Founding member of Zionist Haganah fighters had St. Louis ties

The ship Eliyahu Golomb in 1946. Photo: Yad Vashem

BILL MOTCHAN, Special to the Jewish Light

The chief architect of the Haganah, the Zionist military organization that operated in Israel from 1920 to 1948, has a family connection to St. Louis.

Eliyahu Golomb, a founding member of the Haganah who served on its Command Council, according to the Jewish Virtual Library, was the first cousin of Ruth Levine, whose daughter Myra Bomze lives at Brookdale Creve Coeur, an independent and assisted living facility.

Eliyahu Golomb

Myra never met Golomb, her first cousin once removed, but her daughter-in-law Chris Bomze has studied the life and contributions of the man who was a significant presence in the effort to defend Jewish settlements in Palestine. Chris Bomze is a board member of the National Council of Jewish Women-St. Louis.

“Eliyahu’s father was Naftali Golomb,” Bomze said. “Naftali’s brother Morris was Myra’s grandfather.”

ADVERTISEMENT
Beth Shalom Cemetery ad

Morris Gollomp — he changed his last name from Golomb — was born in 1867 in Belarus, then part of the Russian Empire. As a teenager, he was sent to live with his cousins, the Rapports, in Cardiff, Wales. His family didn’t want their sons conscripted into the Russian army, which was notoriously unkind to Jewish soldiers. In 1886, Morris immigrated to the United States.

“According to Ruth Levine’s sister Florence, when Morris arrived and went through immigration, he couldn’t spell out his real name so they gave him the name of James May,” said Bomze. “He eventually changed his name back. He opened a women’s dress shop in New York City known as M. Gollomp and Sons.”

Eliyahu Golomb was born in March 1893 in Byellorussia (Belarus). In 1909, Naftali’s family, including 16-year-old Eliyahu, immigrated to Palestine. They all made aliyah.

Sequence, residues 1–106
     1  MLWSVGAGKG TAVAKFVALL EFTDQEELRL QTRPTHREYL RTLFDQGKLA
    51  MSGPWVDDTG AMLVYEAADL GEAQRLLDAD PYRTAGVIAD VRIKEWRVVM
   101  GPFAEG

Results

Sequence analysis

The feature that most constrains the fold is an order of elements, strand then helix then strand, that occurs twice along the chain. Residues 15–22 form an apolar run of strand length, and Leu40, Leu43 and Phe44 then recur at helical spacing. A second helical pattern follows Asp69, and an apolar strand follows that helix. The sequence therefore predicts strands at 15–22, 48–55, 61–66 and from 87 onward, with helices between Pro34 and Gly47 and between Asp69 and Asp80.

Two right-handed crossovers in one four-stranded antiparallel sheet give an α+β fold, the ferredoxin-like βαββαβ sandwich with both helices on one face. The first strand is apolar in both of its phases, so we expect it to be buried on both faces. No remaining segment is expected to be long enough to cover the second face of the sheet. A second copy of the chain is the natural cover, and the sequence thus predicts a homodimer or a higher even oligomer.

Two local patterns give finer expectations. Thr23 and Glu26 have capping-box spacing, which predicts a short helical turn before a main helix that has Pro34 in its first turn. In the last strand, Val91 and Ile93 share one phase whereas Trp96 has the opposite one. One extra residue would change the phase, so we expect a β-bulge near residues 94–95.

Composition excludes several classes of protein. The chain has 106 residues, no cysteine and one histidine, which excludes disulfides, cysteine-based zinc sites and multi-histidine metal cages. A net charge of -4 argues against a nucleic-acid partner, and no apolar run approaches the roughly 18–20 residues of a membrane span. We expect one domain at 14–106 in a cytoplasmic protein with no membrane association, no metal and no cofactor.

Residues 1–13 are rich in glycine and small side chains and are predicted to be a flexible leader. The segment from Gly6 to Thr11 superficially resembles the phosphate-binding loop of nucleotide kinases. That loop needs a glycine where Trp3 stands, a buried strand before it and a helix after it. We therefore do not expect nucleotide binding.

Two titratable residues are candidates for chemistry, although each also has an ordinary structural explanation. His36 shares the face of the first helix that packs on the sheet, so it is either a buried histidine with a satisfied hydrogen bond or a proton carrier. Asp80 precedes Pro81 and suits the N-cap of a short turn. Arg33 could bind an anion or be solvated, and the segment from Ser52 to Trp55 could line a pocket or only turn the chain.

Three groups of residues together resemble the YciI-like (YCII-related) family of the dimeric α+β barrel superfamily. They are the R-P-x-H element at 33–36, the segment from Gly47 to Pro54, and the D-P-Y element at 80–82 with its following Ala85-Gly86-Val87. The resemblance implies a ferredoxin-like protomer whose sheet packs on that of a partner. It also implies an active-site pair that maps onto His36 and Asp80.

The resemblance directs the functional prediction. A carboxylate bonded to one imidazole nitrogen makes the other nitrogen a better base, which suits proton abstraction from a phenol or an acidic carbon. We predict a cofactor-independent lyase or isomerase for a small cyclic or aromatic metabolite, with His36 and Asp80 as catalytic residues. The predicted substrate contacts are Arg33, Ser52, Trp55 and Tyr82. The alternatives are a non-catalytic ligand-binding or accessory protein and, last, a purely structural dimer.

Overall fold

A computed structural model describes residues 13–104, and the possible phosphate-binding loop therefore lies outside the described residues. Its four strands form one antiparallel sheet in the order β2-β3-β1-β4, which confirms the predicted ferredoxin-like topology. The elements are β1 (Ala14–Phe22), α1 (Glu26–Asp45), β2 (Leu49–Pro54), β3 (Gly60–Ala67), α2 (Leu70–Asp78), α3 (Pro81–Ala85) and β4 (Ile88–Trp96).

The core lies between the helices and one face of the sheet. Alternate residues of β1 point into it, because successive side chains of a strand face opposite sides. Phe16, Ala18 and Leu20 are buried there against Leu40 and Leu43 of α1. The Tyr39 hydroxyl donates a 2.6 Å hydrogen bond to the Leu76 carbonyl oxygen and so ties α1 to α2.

They all made aliyah

After high school, Eliyahu settled in Kibbutz Degania Aleph, in the north of what would become Israel, where he worked and organized agricultural training programs. When his father died, Golomb returned to Jaffa to run the family flour mill.

He was active in the labor party, but he’s best known for his work in creating a Jewish military presence that represented the Jews in Palestine (Yishuv). Golomb believed all Jews should be involved in their own defense, and he was an important figure in creating field units to defend the Yishuv.

“Eliyahu was convinced that defense of the Jewish communities in Palestine was a global Jewish issue,” Bomze said. “He supported defensive measures against Arab insurgency, but he was firmly opposed to violent retaliatory attacks against Arab civilians.”

He was a founder of the Palmach, the elite unit of Haganah, and trained many future commanders of the Israel Defense Forces.  In fact, Haganah is perpetuated in the official Hebrew name of the IDF:  Tzva Haganah le-Yisra’el.

Remembering Golomb

Golomb died at age 52 in June 1945, three years before the founding of Israel. Today he is remembered as a military pioneer and hero in Israel. A stamp was issued to honor him in 1978. His home on Rothschild Street in Tel Aviv is now Beit Eliyahu Golomb, the museum of the Haganah. A street is named for him in Jerusalem, and the Eliyahu Golomb Defense Prize is one of Israel’s highest accolades and was awarded this year for the 63rd time.

Eliyahu’s son David also had a notable career. He was born in 1933 and studied economics at the Hebrew University of Jerusalem. He eventually became director of the Institute of Economic Research of the Actions Committee of the Histadrut. In 1977, David Golomb joined the Knesset as part of the new Democratic Movement for Change party. He was elected when the party won 15 seats. He died in 2019.

“The story of Eliyahu Golomb is a source of great pride for Myra’s family,” Bomze said.